|CORAM:||A. T. Varkey (JM), S. V. Mehrotra (AM)|
|CATCH WORDS:||amalgamation, dead person|
|DATE:||May 29, 2015 (Date of pronouncement)|
|DATE:||June 1, 2015 (Date of publication)|
|AY:||2003-04 to 2008-09|
|FILE:||Click here to download the file in pdf format|
|S. 143(2) and 153C notices issued in the name of the non-existent amalgamating company are void and render the assessment order null and void (entire case law discussed)|
(i) For making the assessment, it is absolutely essential that the person so to be assessed should be in existence at the time of making the assessment. In the present case the assessment has been framed by the AO on a date when the present assessee was not in existence therefore, the assessment framed by the AO vide assessment order dated 31.12.2010 was not valid. Moreover it is seen that on 26.10.2010 the assessee intimated to the Assessing Officer with regard to amalgamation of the assessee company with M/s Instronics Ltd. and also furnished a copy of the order of the Hon’ble Jurisdictional High Court. At that time the Assessing Officer could have issued the notice under Section 153C in the name of the transferor company i.e. M/s Instronics Ltd. As the notice under section 143(2) of the Act was sent to the company which was not in existence on the date of the issue of notice. Similarly in the case of the assessee notice under Section 153C was issued in the name of M/s Computer Engineering Services (P) Ltd.. on 4.10.2010 when this company was not in existence. Therefore, the ratio of the decision of Hon’ble jurisdictional High Court in the case of M/s Spice Entertainment Ltd. (supra) would be squarely applicable to the issue of notice under Section 153C in the case of the assessee.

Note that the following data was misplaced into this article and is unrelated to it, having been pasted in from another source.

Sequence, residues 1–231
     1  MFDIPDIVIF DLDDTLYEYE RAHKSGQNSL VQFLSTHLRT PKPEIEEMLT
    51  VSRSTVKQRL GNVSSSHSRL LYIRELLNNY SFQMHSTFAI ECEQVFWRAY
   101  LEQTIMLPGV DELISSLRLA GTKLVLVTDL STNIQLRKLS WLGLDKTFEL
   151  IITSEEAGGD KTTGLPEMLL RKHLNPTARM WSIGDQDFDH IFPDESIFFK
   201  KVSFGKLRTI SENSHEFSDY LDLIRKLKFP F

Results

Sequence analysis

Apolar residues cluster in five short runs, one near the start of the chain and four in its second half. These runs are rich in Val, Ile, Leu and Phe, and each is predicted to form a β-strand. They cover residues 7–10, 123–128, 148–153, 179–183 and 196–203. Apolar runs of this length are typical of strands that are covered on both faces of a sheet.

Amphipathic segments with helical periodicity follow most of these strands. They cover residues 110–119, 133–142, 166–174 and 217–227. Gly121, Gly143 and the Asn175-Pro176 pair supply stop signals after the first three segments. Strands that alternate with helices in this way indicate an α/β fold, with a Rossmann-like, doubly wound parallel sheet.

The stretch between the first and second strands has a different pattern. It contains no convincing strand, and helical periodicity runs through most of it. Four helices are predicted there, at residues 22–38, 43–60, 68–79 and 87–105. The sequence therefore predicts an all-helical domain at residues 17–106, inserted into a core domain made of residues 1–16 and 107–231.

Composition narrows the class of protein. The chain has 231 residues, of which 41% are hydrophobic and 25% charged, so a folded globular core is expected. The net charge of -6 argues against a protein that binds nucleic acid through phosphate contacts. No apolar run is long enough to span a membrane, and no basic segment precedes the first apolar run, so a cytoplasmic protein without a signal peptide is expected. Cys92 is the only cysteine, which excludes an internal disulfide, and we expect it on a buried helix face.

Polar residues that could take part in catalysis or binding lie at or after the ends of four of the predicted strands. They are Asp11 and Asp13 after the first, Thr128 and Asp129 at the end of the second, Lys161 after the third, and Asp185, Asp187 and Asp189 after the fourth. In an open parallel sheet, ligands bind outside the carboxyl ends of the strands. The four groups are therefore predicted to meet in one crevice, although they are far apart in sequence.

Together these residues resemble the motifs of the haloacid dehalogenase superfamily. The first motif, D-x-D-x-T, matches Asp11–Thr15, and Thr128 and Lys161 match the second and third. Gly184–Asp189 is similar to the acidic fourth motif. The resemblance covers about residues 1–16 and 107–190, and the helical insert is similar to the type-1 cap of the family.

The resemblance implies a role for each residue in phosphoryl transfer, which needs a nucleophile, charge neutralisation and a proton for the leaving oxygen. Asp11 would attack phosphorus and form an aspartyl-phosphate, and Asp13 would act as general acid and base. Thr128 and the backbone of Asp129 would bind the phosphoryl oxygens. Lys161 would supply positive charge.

(ii) As regards the applicability of Section 292B of the Act, Section 292B, inter alia, prescribes that proceedings etc. initiated cannot be deemed invalid “merely by reason of mistake, defect or omission” in any return of income, assessment or notice. The revenue had argued that this provision neutralizes procedural defects in jurisdiction. In these circumstances, it was submitted, having regard to the assessee’s omission to urge the so-called illegality at the threshold, the Court ought to interfere with the order of the ITAT. This question, too, has been dealt with – in CIT v. Dimension Apparels Pvt. Ltd. reported in (2015) 370 ITR 288. In that case, after noticing Section 292B, the Court discussed the ruling in Spice Entertainment (supra), wherein it had been held that since the assessment made in such cases is against an amalgamated company in respect of income of the amalgamating company for the period prior to the amalgamation, the income tax authorities are nevertheless under an obligation to substitute the successor in place of the amalgamated company. Thus, “such a defect cannot be treated as procedural defect”. In any event, it is to be noted that the fact of amalgamation of the assessee with the transferee company had been intimated and disclosed in response to the notice under Section 153C on 22.11.2010. Accordingly, this ground, too, has no merit and is rejected.